Hungary plays down toxic spill threat
Budapest: Hungarian officials on Friday played down the threat of disastrous pollution to the Danube river from an industrial accident in Hungary, while its Prime Minister said the situation was under control.
The death toll from Monday`s disaster meanwhile rose to seven, officials said, and one person was still missing.
Prime Minister Viktor Orban, who declared a state of emergency in three counties earlier this week, insisted there remained little risk of the pollution running into the Danube, Europe`s second-longest river.
"The good news is that we have succeeded in bringing it under control and very probably waters threatening the environment will not enter the Danube, even on Hungarian territory," Orban said during a visit to neighbouring Bulgaria.
Environment state secretary Zoltan Illes also insisted the pollution "won`t reach the lower Danube."
He praised rescue teams -- who were for dropping acid and gypsum into the Danube and its tributaries from planes to neutralise the alkaline effects of the toxic sludge -- for "preventing the heavy metals and the alkaline from traveling further downriver."
Toxic sludge from an alumina processing plant in western Hungary burst out of a storage reservoir on Monday, pouring into villages and killing all life in at least one small river.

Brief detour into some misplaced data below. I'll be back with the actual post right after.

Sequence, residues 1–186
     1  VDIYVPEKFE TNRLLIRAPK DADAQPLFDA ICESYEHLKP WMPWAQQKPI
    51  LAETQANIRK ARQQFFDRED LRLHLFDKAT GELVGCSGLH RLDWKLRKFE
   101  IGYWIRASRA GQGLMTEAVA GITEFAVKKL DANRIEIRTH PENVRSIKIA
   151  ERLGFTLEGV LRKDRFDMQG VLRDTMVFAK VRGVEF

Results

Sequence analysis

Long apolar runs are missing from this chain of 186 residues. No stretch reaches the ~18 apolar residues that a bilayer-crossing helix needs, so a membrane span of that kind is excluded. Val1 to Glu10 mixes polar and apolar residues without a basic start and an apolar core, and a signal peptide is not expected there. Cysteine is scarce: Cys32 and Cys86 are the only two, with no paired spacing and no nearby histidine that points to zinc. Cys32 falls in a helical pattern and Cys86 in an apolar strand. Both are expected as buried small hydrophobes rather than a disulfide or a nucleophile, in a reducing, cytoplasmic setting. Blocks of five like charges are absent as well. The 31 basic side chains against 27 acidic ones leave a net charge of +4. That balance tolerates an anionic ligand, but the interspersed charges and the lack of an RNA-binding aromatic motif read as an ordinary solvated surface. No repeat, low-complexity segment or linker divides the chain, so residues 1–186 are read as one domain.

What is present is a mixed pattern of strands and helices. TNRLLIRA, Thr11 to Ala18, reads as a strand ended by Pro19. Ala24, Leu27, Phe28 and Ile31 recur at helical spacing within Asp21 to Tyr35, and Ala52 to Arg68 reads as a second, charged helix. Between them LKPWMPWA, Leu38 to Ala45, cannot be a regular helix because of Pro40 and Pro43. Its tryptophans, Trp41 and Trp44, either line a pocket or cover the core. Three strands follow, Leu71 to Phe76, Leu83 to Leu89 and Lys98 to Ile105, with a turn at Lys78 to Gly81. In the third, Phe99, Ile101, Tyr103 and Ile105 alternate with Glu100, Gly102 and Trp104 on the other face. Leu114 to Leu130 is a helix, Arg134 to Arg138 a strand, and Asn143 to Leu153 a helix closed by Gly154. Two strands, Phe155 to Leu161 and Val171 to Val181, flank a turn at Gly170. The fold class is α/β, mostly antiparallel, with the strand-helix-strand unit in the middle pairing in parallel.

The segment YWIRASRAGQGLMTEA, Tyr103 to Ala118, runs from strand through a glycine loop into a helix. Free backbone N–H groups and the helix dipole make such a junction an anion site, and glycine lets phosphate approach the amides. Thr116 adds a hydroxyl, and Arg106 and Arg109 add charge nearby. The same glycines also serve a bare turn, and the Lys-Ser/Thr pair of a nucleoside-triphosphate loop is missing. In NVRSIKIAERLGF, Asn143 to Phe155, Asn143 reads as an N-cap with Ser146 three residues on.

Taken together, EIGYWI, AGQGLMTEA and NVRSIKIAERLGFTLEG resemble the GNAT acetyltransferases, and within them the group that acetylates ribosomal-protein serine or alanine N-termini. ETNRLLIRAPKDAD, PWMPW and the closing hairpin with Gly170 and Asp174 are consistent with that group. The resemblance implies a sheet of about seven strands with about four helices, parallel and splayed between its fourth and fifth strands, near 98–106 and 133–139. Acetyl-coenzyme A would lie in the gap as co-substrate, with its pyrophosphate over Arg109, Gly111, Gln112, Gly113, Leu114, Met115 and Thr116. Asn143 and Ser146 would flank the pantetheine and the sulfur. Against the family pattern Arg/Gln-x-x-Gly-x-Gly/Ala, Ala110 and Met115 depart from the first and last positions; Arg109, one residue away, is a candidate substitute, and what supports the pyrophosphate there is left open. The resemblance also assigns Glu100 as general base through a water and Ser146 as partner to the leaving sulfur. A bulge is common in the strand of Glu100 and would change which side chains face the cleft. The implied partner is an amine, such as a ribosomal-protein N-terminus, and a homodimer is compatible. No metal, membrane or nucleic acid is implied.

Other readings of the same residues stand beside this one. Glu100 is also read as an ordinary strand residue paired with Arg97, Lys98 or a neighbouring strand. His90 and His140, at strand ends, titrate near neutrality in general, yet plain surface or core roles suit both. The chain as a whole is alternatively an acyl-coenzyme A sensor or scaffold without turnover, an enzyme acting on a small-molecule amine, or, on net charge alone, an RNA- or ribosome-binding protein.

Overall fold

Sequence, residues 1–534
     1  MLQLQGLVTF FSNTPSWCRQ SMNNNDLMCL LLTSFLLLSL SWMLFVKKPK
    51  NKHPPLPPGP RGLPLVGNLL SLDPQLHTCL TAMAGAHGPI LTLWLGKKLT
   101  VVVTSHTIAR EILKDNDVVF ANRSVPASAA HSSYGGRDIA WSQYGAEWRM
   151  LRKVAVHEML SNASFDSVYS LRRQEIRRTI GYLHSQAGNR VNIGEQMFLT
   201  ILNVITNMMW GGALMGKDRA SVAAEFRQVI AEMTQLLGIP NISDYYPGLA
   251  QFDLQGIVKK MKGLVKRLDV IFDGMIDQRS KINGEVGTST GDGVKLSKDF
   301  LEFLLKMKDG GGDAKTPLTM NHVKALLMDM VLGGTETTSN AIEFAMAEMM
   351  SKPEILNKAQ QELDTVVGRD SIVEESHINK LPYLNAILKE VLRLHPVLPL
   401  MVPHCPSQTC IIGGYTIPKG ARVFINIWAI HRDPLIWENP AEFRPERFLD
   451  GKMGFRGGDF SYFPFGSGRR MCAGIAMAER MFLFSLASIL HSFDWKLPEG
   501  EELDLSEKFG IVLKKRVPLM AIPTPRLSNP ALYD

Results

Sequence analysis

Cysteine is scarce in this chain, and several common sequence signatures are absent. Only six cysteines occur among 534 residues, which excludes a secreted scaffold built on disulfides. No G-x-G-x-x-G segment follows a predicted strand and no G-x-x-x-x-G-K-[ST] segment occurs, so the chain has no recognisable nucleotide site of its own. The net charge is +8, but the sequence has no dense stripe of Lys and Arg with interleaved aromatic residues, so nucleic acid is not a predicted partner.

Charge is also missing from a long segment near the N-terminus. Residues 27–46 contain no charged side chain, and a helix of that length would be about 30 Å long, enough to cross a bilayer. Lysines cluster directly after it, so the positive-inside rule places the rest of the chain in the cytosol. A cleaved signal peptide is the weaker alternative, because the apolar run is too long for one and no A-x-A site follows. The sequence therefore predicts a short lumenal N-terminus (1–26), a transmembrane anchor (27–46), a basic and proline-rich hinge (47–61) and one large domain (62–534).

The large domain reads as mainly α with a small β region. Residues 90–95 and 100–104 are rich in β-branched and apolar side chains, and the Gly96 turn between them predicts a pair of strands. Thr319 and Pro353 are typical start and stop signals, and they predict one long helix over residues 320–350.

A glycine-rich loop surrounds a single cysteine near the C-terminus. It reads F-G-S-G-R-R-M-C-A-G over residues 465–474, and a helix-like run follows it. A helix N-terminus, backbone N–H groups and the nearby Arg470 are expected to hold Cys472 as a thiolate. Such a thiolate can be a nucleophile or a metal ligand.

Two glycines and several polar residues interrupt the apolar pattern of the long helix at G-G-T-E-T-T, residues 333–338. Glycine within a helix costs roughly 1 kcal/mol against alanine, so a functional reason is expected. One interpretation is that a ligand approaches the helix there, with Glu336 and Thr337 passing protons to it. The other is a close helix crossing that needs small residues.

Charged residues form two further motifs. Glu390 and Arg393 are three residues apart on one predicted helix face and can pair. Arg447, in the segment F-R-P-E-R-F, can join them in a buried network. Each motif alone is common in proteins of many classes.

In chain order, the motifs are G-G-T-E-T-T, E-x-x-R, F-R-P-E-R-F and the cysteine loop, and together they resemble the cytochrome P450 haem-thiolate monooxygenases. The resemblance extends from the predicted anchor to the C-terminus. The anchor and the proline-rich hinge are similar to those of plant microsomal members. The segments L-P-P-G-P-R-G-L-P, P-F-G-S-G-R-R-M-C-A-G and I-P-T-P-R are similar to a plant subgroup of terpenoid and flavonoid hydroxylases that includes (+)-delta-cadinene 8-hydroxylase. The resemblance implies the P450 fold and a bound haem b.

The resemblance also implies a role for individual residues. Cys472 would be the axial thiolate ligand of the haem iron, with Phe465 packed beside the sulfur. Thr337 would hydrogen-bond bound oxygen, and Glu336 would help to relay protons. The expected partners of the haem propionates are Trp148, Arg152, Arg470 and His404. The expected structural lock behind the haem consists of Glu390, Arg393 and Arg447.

Dead fish were also seen floating in the Danube on Thursday, but environmental officials on Friday said that water quality samples were close to normal in the river.
On Friday afternoon, alkaline levels showed a reading of pH 8.3 at Komarom, around 80 kilometres (50 miles) west of Budapest, down from earlier in the day, according to a spokeswoman for the disaster relief services, Jyorjyi Tottos.
The level is only slightly higher than normal and is not harmful to the environment, Tottos said.
Water alkalinity is a measure of river contamination and on a scale of 1-14, pH values of 1-6 are acid, between 6 and 8 are neutral, and readings of 8-14 are alkaline.
Authorities said they expect the clean-up in two of the hardest-hit villages, Kolontar and Devecser, to be finished next week.
But environmental groups rang alarm bells about the longer-term consequences.
In Vienna, Greenpeace said it had found "surprisingly high levels" of arsenic and mercury in the caustic, foul-smelling red sludge that escaped from the reservoir in Ajka, 160 kilometres west of Budapest.
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